Not everyone is supportive of the proposed reparations resolution. Alderwoman Cicely Fleming was the only individual to vote NO for this resolution. 

On March 22, 2021, Fleming made a statement to explain why she voted NO for the reparations resolution. 

“I am 100% in support of reparations. I come from three legacy Black families in Evanston who have suffered enough. I am one of countless such families across the country. Real reparations are long overdue,” Fleming said. 

Jes Sheinpflug, Fleming communications assistant, explained the Alderwoman’s issue with the resolution. Sheinpflug said the reparations resolution is essentially just a housing plan. 

“As a housing plan, she would support it but the issue with putting reparations on it, is that it sets a precedent for what a model for reparations could look like across the country, in other cities and even at the federal level. The housing plan that passed is called reparations but it only provides money to 16 people in Evanston,” Sheinpflug said.

Fleming said that this resolution is dictating to Black residents what their needs are and how to use the money given to them. 

We must understand the definition of true reparations and its main goal: to do that, the people dictate its terms to power, not the other way around,” Fleming said. “This isn’t change that can be a beacon for the nation. It is a dim, weak light and it will be a travesty for Black communities around the US if it becomes our model going forward.”

Sheinpflug said the reparations resolution lacks a clear plan of execution and was seemingly rushed due to the upcoming Evanston city council elections. 

Evanston has been saying that there’s going to be $10 million over 10 years. That’s all they’ve been saying. We don’t even know how people can apply,” Sheinpflug said. “There is an election that’s happening right now. A lot of these city council members are either running or have already voted off in the primary so it was rushed with no input from Black residents.”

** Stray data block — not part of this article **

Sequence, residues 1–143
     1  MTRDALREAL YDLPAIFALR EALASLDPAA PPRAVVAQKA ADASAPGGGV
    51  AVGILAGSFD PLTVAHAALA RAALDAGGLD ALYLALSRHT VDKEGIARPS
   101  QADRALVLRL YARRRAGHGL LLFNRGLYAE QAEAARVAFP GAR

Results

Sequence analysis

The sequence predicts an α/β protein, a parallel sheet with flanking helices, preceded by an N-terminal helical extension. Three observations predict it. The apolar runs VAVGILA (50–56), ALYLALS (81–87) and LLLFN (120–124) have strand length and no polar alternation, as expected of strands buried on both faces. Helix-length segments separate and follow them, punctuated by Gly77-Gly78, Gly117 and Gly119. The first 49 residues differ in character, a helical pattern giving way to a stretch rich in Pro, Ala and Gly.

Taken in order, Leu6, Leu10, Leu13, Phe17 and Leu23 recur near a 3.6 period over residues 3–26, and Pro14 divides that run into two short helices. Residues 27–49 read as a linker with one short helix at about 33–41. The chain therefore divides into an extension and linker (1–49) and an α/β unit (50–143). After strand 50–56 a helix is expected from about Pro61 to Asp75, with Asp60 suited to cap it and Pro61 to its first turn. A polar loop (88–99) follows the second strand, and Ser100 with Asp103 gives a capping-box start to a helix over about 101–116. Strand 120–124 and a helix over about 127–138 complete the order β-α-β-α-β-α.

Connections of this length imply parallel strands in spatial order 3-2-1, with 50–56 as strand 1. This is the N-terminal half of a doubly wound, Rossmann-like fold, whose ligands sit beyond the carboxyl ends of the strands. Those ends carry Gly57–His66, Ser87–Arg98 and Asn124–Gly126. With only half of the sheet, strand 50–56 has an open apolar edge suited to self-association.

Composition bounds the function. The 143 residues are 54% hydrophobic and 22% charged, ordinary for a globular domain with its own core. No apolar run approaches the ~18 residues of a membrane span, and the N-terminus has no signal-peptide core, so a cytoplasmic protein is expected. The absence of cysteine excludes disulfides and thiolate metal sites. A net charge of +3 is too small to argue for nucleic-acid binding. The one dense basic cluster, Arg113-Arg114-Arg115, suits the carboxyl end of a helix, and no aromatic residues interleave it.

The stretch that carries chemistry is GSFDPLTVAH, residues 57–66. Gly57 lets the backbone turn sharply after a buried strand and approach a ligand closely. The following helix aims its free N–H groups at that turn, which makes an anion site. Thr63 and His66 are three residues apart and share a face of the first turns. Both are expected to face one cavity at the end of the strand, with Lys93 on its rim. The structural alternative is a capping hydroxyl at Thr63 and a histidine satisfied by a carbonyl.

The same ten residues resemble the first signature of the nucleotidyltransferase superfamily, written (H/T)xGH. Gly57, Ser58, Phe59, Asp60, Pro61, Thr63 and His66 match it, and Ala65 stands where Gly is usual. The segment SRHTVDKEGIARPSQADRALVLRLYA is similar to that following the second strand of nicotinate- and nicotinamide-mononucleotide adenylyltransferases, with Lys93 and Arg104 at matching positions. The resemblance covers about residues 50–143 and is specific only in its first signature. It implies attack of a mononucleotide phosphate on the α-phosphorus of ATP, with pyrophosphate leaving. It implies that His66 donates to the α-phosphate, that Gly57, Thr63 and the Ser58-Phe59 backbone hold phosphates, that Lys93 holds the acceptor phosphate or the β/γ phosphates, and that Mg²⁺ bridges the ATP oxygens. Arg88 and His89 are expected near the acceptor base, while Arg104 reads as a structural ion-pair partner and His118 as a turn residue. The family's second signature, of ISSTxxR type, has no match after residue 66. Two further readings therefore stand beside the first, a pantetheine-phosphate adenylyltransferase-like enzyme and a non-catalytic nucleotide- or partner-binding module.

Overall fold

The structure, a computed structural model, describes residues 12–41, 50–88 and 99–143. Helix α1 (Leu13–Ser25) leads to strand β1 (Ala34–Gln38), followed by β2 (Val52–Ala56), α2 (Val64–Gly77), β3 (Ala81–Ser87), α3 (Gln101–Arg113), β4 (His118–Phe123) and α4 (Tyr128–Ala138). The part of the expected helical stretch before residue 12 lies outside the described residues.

Fleming said many community members asked for more time to rework and strengthen the proposal and change the name from reparations but the resolution still moved forward.

“Although Evanston is one of the first municipalities to attempt local reparative efforts in this manner, historical practices provide a framework for reparative compensation, and in no instance were the impacted parties denied cash payments or an opportunity to decide how their repair would be managed,” Fleming said. “This practice alone is based on a white paternalistic narrative that Black folks are unable to manage their own monies.” 

Sheinpflug said the 16 Black people who qualify for the program never directly receive the payments. They said Flemings wants the funds to be given directly to the Black people who qualify in cash payments. 

“The money is given  directly to the bank, they can only use it towards their mortgage, they can use it towards a down payment or they can use it towards a contractor for repairs. They have to use it towards the primary investments of Evanston. Say they moved away from Evanston, then they are not eligible, say, it’s an older person who doesn’t own a house anymore, they’re not eligible. It’s very, very limited who can apply for this,” Sheinplfug said.

Fleming claims the proposal is lacking in detail and the longevity of the plan was not assessed. 

“There has not been a feasibility study, there is no groundwork for future reparative options, nor have we firmly provided economic rationale for the $25,000 allocation amounts,” Fleming said. 

Fleming hopes that the Evanston community will slow down and listen to the Black community that has been directly impacted from years of racism. Fleming said that the mistrust the Black community already has in the government is amplified by the bold claims that this resolution is historic. 

“Understanding that not everyone will be satisfied, we still owe it to Black Evanstonians to develop a plan that is clear, fair, data based, and one that can truly start to address racialized harm, marginalization and discrimination. It is through this truth-telling and deliberate work that we can bring our community together,” Fleming said.

 

Courtney Alexander can be reached at [email protected] or on Twitter at ___Courtney_alex23______. 

Reporter Ore Ojewuyi can be reached at [email protected] or on twitter @odojewuyi.